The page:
China is clearly in the driver’s seat of global lubricants demand, amidst a global landscape of shrinking lubricant demand, according to Lutz Lindemann, a member of the executive board of Germany’s Fuchs Petrolub SE, the largest independent global lubricant manufacturer.
Speaking at the Uniti Mineral Oil Technology Conference in Stuttgart, Germany, yesterday, Lindemann also said that total global lubricants demand in 2000 was 36.4 million tonnes, which declined to 32.2 million tonnes in 2009 due to the global economic recession, and “astonishingly” has not recovered. In 2014, global lubricants demand was at 35.4 million tonnes, he calculated, which is just slightly better than 2013. These figures do not include marine oils.
This in itself may not seem significant, as global economic growth continues to sputter. However, when you compare the growth of the vehicle population during the same time period, the conclusion is clear, he said. There is a decoupling between GDP growth and lubricant consumption. In 2000, there were 750 million cars on the road and today that number is more than one billion, which translates to a 30% decline in overall lubricant consumption, he said.
“One would expect that the lubricants demand would go through the roof, but [instead] it decreases. This is due to the better efficiency of engine oils,” Lindemann said.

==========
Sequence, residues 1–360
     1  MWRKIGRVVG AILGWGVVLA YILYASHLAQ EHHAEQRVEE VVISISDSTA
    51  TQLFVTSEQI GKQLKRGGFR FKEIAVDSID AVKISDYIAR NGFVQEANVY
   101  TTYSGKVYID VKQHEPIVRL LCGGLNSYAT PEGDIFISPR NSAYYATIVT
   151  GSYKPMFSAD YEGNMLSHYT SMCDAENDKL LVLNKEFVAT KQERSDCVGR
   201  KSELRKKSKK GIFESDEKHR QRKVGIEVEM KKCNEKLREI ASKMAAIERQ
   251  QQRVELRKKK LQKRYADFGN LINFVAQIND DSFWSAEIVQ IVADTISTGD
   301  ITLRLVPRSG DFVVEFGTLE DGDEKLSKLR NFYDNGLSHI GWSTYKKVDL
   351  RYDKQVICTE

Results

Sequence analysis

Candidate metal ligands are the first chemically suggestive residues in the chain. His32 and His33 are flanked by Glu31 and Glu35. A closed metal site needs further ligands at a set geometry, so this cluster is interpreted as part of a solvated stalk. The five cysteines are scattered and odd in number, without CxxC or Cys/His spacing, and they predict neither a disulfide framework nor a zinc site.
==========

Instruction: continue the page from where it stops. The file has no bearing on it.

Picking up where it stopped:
Better vehicle technology also is a contributing factor. This has been seen in North America and now is also happening in Asia-Pacific, “more quickly,” as the demand in China leans toward very high-level cars and advanced manufacturing.
Lindemann showed that since 2010, China’s gross domestic product (GDP) has been steadily rising, and lubricant demand has also been rising, but not as quickly. He attributed this to what he termed as the “Lubricant/GDP gap.” In the old days, lubricant demand naturally rose with GDP, but that is no longer the case, he showed. In 2014, he calculated a global “Lubricant/GDP gap” of minus 2.8%. He attributes this gap to the decoupling between automotive/industrial production and lubricant demand. A higher GDP allows a country to invest in better technology, which results in higher efficiencies, and translates to lower lubricant consumption, which is what is now happening in China.
The projection for global economic growth in 2015 is relatively flat, he said. But, “The driver for the lubricants market….is clearly China,” Lindemann said. China’s economic development will continue, and its lubricant demand will continue to grow, as China’s per capita lubricant demand is still relatively low at 5.1 kilograms (kg.) compared to the United States’ 19 kg. But China’s lubricant consumption growth will not be proportional to its economic growth.